A landowner or occupant is responsible for harm caused by artificial conditions upon his or her land.

Conversely, a landowner or possessor is not responsible for harm caused by a natural condition upon the land, even if you find the natural condition of the property was a proximate cause of the accident and the minor plaintiff’s injuries. In order for you to find the defendant liable it is not necessary that he/she be the person who created the condition that caused the plaintiff’s injuries. You may find defendant liable even though the condition was created by some third person, provided you find the defendant had actual knowledge of the condition and should have foreseen that the condition would create an unreasonable risk of harm to children entering the property. However, the landowner has no obligation to make regular inspections upon his/her property for dangers created by others.

In this case, the defendant claims the minor plaintiff was negligent, in other words, that the minor plaintiff failed to exercise that degree of care or caution for his or her own safety that you would expect of a reasonable child of the same age.

In order to decide whether or not the minor plaintiff was negligent, you must consider the child’s actions or inactions by an evaluating whether the child failed to exercise that degree of care for his or her own safety that a person of the same age would have exercised under the same or similar circumstances.

a. In General (7 years and older)
A child, old enough to be capable of negligence, is required to act with the same amount of care as children of similar age, judgment and experience. In order for you to determine whether a child has acted negligently, you should take into consideration the child’s age, intelligence and experiences. Also, you must consider the child’s capacity to understand and avoid the danger to which he/she was exposed in the actual circumstances and situation in this case. You, the jury, must decide the factual question of whether this child was comparatively negligent.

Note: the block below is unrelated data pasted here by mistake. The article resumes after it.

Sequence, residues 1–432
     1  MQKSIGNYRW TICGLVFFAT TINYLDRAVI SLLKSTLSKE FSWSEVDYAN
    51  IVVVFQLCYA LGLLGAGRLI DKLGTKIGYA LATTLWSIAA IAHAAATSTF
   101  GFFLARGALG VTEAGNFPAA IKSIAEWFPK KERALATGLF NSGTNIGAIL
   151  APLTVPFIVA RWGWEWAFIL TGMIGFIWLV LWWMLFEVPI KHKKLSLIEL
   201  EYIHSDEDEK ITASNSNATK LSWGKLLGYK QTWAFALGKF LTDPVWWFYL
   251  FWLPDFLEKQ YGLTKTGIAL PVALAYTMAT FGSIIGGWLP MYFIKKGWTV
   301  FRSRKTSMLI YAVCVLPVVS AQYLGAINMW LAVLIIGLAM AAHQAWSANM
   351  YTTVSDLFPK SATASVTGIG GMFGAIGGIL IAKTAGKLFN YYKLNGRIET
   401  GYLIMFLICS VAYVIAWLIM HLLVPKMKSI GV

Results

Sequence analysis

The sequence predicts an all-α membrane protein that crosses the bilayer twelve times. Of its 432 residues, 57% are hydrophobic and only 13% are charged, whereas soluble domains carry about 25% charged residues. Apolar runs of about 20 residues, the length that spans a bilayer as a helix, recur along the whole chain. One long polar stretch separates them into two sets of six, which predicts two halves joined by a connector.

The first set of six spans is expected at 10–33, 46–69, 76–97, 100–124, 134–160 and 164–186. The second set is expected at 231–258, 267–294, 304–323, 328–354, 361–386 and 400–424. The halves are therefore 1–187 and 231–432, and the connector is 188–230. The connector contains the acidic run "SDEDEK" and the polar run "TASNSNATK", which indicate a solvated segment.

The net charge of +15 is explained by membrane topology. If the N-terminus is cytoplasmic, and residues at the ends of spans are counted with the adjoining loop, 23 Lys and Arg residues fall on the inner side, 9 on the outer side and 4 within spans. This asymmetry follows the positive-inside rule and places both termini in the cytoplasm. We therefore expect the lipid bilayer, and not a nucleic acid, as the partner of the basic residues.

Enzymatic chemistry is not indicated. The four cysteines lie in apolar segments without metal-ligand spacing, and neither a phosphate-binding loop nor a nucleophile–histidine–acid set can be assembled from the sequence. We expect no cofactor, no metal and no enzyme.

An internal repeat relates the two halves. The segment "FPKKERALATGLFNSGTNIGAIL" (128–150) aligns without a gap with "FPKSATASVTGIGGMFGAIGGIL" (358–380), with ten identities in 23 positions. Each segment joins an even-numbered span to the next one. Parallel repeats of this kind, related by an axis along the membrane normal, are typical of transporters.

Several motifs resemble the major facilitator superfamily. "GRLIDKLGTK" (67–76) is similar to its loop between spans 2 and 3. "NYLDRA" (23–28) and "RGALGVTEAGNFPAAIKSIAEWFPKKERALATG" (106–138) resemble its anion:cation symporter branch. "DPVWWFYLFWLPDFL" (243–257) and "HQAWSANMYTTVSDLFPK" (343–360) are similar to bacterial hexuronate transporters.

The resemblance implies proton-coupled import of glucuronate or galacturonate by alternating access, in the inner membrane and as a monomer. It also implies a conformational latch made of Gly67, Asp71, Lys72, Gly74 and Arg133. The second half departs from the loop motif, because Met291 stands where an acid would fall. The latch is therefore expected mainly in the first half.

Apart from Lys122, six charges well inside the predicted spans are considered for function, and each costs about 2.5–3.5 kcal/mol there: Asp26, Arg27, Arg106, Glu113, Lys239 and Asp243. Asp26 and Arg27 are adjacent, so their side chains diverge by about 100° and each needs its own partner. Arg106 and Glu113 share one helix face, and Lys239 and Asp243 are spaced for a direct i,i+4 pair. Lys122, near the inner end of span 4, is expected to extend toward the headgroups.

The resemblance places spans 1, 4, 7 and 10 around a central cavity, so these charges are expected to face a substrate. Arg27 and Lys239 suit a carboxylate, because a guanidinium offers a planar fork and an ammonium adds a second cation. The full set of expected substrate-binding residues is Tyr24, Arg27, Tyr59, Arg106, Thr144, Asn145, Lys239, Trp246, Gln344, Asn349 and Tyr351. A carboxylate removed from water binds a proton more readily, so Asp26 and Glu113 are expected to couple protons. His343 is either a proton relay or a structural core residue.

b. Where Child is Under 7 Years
There is a presumption in the law that a child under the age of seven years is not capable of acting negligently. You may reject this presumption only if the party who is claiming the child was negligent proves that this particular child had the experience and the capacity to avoid the danger, which was present in this situation.

If you decide that this child had the capacity to act negligently, then you must review the facts to see if the child failed to use that amount of care to avoid the danger, which should have been exercised by children with like experiences and intelligence.

If you find that the minor plaintiff deviated from this standard of care, then you will find that the minor plaintiff was also negligent, and you will then consider whether or not the negligence of the minor trespassing plaintiff was a proximate cause of the accident and the injuries, which you find were caused by the accident.

3. Licensee, Defined and General Duty Owed
A licensee is a person who has the right to enter or remain upon land by the consent of the possessor. He/She is not invited but his/her presence is tolerated. The owner/occupier of property owes a duty to a licensee to abstain from willfully injurious acts. If the owner/occupier knows of a hazardous condition on the premises and the owner/occupier could reasonably anticipate the licensee would not observe and avoid such condition, then the owner/occupier must either give warning of it or make the condition reasonably safe.

4. Social Guest — Defined and General Duty Owed
A social guest is someone invited to his/her host’s premises. The social guest must accept the premises of his/her host as he/she finds them. In other words, the host has no obligation to make his/her home safer for his/her guest than for himself/herself. The host also is not required to inspect his/her premises to discover defects, which might cause injury to his/her guest.